Over the years, social media has flourished in importance as a marketing tool as more and more users have joined social networking portals. However, you should probably think twice before simply limiting your attention to big-name platforms like Facebook and Twitter.
With each social media site, different promotional tools are waiting to be effectively leveraged. Here is a rundown of how some of the sites weigh up in terms of features and functionality.
This is easily the largest social media channel, with well over two billion active users each month, according to Statista. Facebook is geared towards enabling its users to browse a range of business products and images, making it an invaluable source of targeted potential customers.
Still, you should also heed Yahoo’s advice to update your business page on Facebook daily – and the new content needs to be truly engaging and interesting, not merely marketing spiel. Success with this platform calls for considerable human and financial resources, but you could soon be rewarded.
Whereas the rather ‘walled garden’ structure of Facebook could somewhat lock away many of the people you are most eager to reach, Twitter is a much more open platform. For this reason, it especially eases its users’ communication with celebrities who could become brand ambassadors.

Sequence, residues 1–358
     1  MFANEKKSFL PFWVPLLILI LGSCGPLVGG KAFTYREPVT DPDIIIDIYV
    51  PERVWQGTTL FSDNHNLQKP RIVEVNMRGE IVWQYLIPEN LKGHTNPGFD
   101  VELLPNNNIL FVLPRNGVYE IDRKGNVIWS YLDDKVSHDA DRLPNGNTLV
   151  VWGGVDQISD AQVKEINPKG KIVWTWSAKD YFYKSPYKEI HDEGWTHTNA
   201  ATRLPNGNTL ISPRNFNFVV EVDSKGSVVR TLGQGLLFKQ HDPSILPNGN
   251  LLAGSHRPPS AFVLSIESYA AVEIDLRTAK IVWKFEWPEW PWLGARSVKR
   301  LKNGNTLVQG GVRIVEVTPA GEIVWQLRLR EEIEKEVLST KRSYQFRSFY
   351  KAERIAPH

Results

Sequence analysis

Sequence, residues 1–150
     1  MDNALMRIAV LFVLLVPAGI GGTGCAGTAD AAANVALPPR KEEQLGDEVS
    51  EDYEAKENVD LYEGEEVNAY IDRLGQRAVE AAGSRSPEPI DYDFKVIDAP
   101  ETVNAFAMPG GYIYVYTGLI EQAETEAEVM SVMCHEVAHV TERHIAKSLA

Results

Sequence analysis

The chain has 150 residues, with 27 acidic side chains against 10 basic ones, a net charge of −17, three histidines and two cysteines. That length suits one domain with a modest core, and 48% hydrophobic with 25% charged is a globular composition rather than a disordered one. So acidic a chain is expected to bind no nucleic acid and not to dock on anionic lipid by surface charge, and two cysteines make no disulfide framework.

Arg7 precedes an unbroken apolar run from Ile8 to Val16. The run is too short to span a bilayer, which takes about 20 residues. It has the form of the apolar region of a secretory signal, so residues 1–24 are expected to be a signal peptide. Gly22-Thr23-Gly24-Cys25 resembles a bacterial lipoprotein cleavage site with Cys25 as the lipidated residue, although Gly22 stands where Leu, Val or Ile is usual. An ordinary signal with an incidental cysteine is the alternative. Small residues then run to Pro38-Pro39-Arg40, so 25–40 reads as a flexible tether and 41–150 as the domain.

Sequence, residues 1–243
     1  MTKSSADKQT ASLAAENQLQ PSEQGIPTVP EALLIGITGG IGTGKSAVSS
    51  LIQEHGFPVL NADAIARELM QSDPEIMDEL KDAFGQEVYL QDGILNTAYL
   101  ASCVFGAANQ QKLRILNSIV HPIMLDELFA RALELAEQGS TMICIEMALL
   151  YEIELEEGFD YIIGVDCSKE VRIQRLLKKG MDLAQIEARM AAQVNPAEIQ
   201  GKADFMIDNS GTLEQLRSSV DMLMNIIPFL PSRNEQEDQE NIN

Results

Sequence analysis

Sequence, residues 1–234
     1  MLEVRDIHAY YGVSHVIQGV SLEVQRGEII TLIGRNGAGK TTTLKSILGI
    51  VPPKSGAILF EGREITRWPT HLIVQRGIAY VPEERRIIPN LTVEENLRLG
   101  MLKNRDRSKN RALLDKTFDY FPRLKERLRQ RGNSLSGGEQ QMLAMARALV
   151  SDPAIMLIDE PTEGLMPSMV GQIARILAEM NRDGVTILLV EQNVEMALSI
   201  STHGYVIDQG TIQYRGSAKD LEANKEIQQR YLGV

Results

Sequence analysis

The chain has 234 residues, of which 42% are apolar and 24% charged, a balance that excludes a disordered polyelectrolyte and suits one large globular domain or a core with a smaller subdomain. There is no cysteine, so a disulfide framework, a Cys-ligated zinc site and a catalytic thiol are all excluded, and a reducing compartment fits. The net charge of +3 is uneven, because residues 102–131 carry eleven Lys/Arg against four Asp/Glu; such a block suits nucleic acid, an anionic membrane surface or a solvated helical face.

While recruiting a Twitter-based ‘influencer’ as an ambassador possibly won’t hurt, even without one, using hashtags can help you to keep your Tweets relevant – as long as you make good use of the character count.
It might be better for you to think of Pinterest as less a social media platform and more an elaborate, visual search engine that directs its users to other websites to help them to find what they need.
Unsurprisingly, then, it is especially primed for effective use as a business marketing tool. Business 2 Community reports that 93% of the site’s active ‘pinners’ claim to use Pinterest to plan shopping, although you should keep in mind that most of Pinterest’s user base does remain female… at least for now.
Like Pinterest, Instagram is primarily intended to facilitate its users’ sharing of images. However, in functionality, it might be best described as an image-focused version of Twitter, given that the captions can often carry nearly as much importance as the images to which they are attached.
Although 30% of the site’s users have bought a product that they initially saw there, many posts attract few views in the first place. Posting riveting content is therefore essential.
If your organisation offers products or services aimed at the business market, an account on the professional networking site LinkedIn is a must. The aims of its 500 million users include seeking new business opportunities and building reputations; your products might be able to assist with both.
However, promotional success with LinkedIn can, as with any other social media site, depend on a clever strategy. On your firm’s behalf, our staff can craft such a strategy for use with LinkedIn or any of the other, less formal social media sites mentioned in this article.